Call it enlightened self-interest. What many people don’t see is a closed landfill is a headache to the owners. Sure, while they are in operation, they are making money hand over fist in tipping fees. But as soon as the garbage trucks go away, so does the source of income needed to operate the facility. As experienced by Model Landfill, unless they are maintained on an ongoing basis, they can deteriorate over time. Rarely, do the experience catastrophic failure. Rather it’s a death by a thousand cuts, so no one really pays much attention until it’s too late and they are forced to throw really large sums of money at it. When we developed Willowhill, Waste Management had set aside $2 million to close, seed, and maintain the 185 acre site. We took the upper 89 acres (the side slopes where too steep to use) and they gave us $900k to take on their closure and maintenance responsibilities. Well, we kept the golf course portion of the landfill prestine, we had to or the golfers would take notice. We spent $250k a year doing that. It’s no wonder that our property was much better maintained then theirs. Where we have tight, erosion resisting turf grass, they have clumps of weeds and prairie grasses and a never ending battle against erosion. We even were able to tell them when they were having issues with the as system because we were there all day, every day and noticed little deviations. Also, even though it resided in an area of high wealth, none of the land around it was developed. It was “THE DUMP”. Once it became a golf course, even though everyone knows it was a landfill (it sticks up 100 feet above the flat Chicagoland landscape), now there are $800,000 houses and even a high end shopping area. The golf course simply changed people’s perception and with it, jobs and tax revenue came. And the local residents got access to a fenced off tract of land and get to play golf, what could be better!
5. Give us a list of the five points of a golf course that the average player has no clue exist, matter, influence the playability of the course.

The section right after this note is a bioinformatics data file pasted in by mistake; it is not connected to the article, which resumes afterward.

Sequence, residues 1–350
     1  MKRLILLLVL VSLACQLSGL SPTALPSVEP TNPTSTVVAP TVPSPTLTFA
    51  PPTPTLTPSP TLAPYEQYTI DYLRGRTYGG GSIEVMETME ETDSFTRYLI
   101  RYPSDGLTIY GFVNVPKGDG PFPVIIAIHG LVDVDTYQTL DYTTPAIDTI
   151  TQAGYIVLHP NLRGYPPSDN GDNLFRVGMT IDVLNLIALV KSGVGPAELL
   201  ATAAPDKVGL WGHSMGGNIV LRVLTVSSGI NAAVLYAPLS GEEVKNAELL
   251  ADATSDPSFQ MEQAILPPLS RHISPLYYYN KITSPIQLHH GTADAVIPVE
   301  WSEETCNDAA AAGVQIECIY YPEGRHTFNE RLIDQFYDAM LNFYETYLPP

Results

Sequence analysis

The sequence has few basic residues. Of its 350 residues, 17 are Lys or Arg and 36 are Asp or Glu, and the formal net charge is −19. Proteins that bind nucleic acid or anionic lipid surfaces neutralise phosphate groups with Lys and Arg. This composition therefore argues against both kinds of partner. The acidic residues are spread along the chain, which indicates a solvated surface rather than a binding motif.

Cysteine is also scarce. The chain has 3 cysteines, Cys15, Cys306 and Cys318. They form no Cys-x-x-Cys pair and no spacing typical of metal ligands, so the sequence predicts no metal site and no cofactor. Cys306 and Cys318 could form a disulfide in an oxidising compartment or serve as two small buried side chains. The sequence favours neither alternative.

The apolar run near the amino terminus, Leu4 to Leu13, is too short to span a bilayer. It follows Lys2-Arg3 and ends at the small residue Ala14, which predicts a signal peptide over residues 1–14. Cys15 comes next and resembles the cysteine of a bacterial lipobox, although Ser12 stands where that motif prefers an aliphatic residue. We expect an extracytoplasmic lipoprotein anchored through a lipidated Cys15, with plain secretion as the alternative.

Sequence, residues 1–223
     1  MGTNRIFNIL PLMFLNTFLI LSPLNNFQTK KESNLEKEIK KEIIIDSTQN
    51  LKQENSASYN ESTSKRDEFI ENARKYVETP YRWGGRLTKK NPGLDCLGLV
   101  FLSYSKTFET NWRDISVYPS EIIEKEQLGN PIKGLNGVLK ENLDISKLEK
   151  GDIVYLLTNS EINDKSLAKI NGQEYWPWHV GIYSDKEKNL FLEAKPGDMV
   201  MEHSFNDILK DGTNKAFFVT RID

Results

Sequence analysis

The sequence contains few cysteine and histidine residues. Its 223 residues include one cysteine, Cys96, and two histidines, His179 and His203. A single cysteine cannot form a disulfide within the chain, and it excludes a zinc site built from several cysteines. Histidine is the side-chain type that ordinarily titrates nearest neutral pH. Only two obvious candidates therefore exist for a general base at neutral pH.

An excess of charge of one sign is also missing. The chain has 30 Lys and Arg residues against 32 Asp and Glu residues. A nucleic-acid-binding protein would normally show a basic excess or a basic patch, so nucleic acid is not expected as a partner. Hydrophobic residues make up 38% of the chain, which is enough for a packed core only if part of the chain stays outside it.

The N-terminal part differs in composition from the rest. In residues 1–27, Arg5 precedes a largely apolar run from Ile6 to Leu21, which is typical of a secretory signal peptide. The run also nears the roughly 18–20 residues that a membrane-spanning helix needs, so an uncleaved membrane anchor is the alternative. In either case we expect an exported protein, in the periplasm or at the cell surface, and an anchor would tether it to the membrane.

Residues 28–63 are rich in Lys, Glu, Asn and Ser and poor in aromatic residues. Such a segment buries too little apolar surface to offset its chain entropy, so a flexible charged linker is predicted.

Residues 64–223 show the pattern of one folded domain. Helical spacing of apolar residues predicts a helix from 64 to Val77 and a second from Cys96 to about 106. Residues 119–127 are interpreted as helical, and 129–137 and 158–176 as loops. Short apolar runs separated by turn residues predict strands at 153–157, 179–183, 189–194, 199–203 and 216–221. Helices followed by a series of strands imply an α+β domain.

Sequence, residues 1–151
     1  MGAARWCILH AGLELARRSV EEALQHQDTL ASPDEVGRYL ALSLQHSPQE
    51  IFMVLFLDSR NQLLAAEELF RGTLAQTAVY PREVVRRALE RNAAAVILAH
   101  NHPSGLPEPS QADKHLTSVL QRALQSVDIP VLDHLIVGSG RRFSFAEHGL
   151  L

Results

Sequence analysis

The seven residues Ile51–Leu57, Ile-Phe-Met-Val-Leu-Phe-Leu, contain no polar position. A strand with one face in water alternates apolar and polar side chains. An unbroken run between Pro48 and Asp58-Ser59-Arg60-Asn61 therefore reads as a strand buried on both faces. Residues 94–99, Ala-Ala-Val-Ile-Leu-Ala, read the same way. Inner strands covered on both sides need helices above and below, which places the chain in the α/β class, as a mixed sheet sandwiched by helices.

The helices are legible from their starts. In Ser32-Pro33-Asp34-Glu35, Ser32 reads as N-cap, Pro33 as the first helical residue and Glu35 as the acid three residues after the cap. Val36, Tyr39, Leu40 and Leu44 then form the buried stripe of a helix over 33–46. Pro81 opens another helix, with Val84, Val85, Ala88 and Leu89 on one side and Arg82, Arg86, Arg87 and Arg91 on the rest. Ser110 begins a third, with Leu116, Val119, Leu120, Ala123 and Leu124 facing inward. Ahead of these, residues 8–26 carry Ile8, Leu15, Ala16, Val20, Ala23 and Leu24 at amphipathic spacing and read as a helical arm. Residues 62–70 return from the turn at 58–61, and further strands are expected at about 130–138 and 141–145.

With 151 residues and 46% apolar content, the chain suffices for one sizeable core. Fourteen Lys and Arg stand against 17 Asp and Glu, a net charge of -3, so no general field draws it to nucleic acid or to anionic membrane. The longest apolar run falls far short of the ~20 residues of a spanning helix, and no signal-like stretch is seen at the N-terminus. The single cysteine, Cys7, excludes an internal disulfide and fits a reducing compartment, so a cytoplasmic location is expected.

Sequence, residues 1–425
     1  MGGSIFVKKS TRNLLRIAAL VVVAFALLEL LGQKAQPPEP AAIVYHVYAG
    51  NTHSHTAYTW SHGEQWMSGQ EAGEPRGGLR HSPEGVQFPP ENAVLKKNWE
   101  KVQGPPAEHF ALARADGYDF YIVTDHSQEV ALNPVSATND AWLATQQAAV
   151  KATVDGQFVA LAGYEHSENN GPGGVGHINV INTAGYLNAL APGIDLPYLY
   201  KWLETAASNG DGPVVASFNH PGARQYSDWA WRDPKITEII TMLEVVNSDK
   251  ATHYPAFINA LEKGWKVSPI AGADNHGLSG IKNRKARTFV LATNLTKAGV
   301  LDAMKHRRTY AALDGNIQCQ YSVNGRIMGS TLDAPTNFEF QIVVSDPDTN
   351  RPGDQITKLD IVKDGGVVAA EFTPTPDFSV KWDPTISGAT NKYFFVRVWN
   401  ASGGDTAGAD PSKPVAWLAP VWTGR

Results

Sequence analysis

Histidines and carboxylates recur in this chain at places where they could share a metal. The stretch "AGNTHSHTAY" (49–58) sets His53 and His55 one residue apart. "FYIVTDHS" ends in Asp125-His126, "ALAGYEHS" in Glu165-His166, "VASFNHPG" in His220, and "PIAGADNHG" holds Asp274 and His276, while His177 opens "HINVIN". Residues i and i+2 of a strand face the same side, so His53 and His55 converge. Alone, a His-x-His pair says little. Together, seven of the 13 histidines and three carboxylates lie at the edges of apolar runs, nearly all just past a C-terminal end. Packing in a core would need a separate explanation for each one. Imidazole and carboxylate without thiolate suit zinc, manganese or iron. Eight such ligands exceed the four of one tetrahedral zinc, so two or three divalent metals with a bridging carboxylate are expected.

The most important is what goes into the routing (arrangement of the golf holes). The routing set the rythum of the course. Vegitation. Trees can not only have a big effect on how holes are played, but also on the agromonics of the turf. Trees can block sunlight, wind, and compete for moisture. Trees can also be big expense to maintain and cleanup after. Location of the Clubhouse. I doubt any golfer gives this a second thought but it is the key to the routing. Most courses have returning nines. Therefore, the location of the Clubhouse directly impacts 4 holes and influences the four adjoining those. The circulation around the Clubhouse. Much thought has to go into this. You have to find a way to park 200+ cars, make sure they don’t get hit by golf balls, get golfers to the clubhouse and the practice green and the driving range and the first tee and off the 18th green without traversing great distances and without having to think about it. Oh, and get big delivery and garbage trucks in and out without anyone noticing. Drainage, Drainage, Drainage. A good golf course is primarily an exercise in drainage. Unseen by the golfer, he has no clue about the miles of underground piping, recontouring of the terrain (to make some parts steeper so water will drain and others flatter so it won’t erode). Also, collecting all the millions of gallons after a rainfall.
6. Straying a bit from you, you have this father who designed the finest 9-hole course in the country, the course that whetted the appetite of Mike Keiser, the man who would revolutionize golf builds in the early 21st century. Were you involved at all? How cool is this?
Ah, The Dunes Club! (9-holes of Golfing Heaven). Yes, that was the 1st summer I came back to work for my dad. It was supposed to be this little, private 9-hole course for this guy who had just built a house on Lake Michigan and was a member at Butler National. With no local courses up to his liking, he decided to build his own. Everyone else was pretty busy with their own projects and dad had 2 big courses (Ivanhoe County Club and Seven Bridges Golf Club underway. I had some free time because Geneva National wasn’t scheduled to start construction until after Labor Day, so I got it. Although it was a small project (around $1 million) we had Jack Turhill, the Tournament Director from the PGA Tour and Long Island native to consult on the design (Mike wanted a blend of The National Golf Links and Pine Valley) and Wadsworth to build it. Some pretty big firepower for someones backyard course! I can’t say I contributed all that much. I did vote to leave the grape arbors in front of #4 tee, even though that meant building a ridge to get the tees above them. My biggest contribution was probably conviencing my dad that a golf course should be built as much into the ground as on top of it. This was something I learned from Jay Morrish working on those 2 Nicklaus projects in Scottsdale/Carefree. In hindsight, yeah it was pretty cool, but at the time, i was young and it was just another job. Who would have ever thought some guy with a greeting card company would go on to do what he has. What was probably cooler was when we went out to Ore. for a week and laid out a course on a huge 30,000 acre tract of old timber gound that Mike had bought. Unfortunately, he was also looking at the Bandon property and decided to go there instead and we never built the other.